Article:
SAN JOSE (CN) – A federal judge certified a class of children who want to void purchases they made on Facebook using their parents’ credit cards, but denied the minors’ claims for restitution.
Lead plaintiff I.B. and his respective mother, claim that Facebook’s policy of finalizing all purchases made through its website violates the California Family Code, which voids a contract if the minor “make[s] a contract relating to any personal property not in the immediate control of the minor,” and permits a minor to disaffirm any contract “before majority or within a reasonable time afterwards.”
After using his mother’s credit card to buy Facebook credits for an online game, I.B. says, he did not know the site would store the credit-card information. He claims he thought his subsequent several hundred dollars’ worth of game purchases were being made with “virtual currency.”
Co-plaintiff J.W. took his parents’ debit card without permission and used it to buy more than $1,000 worth of Facebook credits.
U.S. District Judge Claudia Wilken ruled in December 2013 that the minors, but not their parents, could fight Facebook for refunds.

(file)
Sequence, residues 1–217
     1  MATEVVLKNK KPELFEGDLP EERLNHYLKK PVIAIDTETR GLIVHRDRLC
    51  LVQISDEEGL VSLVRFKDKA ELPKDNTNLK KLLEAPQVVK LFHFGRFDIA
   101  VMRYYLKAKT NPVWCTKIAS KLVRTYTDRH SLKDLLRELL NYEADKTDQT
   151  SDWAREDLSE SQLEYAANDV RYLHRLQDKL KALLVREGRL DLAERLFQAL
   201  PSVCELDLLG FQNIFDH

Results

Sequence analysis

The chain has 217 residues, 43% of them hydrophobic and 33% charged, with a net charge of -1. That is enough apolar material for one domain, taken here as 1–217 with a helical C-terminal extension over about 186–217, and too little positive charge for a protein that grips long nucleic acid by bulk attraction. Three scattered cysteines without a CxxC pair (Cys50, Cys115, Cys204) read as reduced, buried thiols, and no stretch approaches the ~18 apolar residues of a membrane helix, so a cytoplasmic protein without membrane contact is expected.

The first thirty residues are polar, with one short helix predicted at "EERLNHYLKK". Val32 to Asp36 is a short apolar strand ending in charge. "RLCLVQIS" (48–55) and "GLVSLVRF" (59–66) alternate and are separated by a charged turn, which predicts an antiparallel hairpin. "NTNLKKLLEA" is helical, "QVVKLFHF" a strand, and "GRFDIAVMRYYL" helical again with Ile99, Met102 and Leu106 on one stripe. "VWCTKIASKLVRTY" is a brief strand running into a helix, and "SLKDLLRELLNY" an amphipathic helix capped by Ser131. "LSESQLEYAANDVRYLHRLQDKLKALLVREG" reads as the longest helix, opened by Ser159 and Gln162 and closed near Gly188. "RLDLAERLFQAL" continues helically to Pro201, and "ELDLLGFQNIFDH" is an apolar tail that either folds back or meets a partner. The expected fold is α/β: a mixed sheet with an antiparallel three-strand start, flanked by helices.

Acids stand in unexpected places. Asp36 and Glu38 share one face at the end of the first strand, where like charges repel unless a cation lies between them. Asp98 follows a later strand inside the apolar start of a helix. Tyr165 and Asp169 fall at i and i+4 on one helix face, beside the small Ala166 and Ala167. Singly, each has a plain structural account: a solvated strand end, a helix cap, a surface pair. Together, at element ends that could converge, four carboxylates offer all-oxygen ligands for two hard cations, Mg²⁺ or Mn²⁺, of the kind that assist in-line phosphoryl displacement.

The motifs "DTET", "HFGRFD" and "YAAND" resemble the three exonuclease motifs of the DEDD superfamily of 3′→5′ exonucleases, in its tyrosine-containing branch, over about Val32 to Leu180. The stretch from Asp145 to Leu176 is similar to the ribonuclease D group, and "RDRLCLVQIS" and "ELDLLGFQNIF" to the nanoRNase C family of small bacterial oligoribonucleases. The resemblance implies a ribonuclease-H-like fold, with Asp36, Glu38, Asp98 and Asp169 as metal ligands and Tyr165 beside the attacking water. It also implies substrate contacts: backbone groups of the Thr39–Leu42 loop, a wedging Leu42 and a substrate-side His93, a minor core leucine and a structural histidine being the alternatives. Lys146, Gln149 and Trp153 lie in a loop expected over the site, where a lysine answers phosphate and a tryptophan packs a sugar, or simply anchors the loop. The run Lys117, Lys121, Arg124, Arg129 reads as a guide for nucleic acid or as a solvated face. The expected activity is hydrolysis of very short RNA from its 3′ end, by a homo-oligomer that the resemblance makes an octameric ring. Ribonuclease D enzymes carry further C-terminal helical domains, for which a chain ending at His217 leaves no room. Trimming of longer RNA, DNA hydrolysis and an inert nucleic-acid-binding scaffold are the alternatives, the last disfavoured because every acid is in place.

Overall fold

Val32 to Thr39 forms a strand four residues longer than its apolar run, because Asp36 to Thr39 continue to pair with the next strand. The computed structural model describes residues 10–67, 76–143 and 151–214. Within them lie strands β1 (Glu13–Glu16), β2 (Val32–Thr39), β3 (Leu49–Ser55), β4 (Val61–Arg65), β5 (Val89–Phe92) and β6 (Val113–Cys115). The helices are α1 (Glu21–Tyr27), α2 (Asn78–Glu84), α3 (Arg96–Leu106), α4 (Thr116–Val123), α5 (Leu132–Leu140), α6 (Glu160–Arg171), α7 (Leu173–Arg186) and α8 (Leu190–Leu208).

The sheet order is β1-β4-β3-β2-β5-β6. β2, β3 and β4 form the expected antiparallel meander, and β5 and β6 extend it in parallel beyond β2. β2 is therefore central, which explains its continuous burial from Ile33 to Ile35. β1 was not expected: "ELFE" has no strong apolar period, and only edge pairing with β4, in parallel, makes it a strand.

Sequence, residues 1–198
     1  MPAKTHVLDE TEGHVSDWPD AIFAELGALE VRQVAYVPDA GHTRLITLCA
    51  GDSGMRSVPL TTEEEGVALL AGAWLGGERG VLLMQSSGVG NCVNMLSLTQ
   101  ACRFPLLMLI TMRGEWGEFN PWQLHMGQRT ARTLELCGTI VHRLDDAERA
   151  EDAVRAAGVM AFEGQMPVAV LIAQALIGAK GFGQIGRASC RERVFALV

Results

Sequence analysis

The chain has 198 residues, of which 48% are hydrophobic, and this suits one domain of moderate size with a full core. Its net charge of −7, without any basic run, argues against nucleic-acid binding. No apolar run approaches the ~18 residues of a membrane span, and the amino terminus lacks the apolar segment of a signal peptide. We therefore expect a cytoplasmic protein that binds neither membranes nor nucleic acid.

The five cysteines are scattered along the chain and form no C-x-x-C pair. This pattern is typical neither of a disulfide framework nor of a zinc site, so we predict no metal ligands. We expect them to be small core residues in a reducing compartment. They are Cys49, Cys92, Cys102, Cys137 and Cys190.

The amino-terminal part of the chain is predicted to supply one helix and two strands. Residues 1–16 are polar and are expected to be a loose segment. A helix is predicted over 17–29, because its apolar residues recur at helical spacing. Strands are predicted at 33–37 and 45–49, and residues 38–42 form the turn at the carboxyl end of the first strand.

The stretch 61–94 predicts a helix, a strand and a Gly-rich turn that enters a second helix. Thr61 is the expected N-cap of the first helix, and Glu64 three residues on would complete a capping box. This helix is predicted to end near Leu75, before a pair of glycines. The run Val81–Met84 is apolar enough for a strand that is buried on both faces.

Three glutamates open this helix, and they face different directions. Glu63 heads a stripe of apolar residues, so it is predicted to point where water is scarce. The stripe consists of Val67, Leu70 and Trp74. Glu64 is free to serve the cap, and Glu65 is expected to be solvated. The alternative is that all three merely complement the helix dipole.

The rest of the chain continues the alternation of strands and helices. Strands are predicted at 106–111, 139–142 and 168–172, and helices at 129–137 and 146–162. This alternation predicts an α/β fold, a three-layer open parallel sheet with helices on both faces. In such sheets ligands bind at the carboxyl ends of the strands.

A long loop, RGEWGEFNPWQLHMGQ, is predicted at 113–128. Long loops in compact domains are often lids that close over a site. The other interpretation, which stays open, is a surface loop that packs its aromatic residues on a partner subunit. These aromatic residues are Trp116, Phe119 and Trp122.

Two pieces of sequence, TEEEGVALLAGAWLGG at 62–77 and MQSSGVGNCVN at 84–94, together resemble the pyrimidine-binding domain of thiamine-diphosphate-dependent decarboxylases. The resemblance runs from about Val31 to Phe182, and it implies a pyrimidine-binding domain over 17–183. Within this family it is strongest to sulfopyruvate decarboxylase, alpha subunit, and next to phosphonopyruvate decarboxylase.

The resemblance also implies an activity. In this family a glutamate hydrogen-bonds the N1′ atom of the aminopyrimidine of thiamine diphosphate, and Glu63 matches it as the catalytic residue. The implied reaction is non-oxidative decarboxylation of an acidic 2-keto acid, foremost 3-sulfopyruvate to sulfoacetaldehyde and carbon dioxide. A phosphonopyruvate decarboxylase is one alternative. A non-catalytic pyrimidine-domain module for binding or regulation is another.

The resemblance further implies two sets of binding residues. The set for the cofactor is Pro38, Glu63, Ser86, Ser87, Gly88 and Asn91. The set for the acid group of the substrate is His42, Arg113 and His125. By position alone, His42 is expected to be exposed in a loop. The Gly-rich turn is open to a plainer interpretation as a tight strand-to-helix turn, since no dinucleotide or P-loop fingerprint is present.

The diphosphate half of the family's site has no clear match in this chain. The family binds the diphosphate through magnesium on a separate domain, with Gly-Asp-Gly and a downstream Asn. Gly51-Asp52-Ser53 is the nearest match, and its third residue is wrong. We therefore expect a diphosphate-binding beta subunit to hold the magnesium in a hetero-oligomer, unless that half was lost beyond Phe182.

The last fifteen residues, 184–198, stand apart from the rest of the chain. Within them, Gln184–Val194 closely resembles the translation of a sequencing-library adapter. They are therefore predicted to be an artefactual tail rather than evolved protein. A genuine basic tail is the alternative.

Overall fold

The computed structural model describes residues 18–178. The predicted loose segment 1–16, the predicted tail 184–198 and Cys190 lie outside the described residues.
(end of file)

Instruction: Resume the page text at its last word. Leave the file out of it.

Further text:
According to U.S. District Judge Beth Labson Freeman’s March 10 ruling to certify the class, the plaintiffs claim that Facebook “routinely refuses requests by children and their parents and legal guardians to provide refunds for transactions that are subject to disaffirmance under California law.”
Freeman ruled that the plaintiffs have standing to seek declaratory and injunctive relief, and certified a class defined as “all Facebook users who are or were minor children according to Facebook’s own records for the four years preceding the date on which the original complaint was filed through the date on which a class is certified.”
She also certified “a subclass of minors from whose Facebook accounts Facebook credits were purchased.”
But the judge sided with Facebook on the plaintiffs’ claims for restitution and monetary relief, since “the amount of monetary damages due each class member, if any, would be dependent on the individual circumstances of each class member, and thus cannot be determined formulaically.”
The class seeks declaratory relief that Facebook’s practices are unlawful and an injunction requiring it to change its practices on transactions with minors.
The plaintiffs are represented by John Parker, with Kershaw Cutter in Sacramento. Facebook is represented by Whitty Somvichian, with Cooley LLP in San Francisco.
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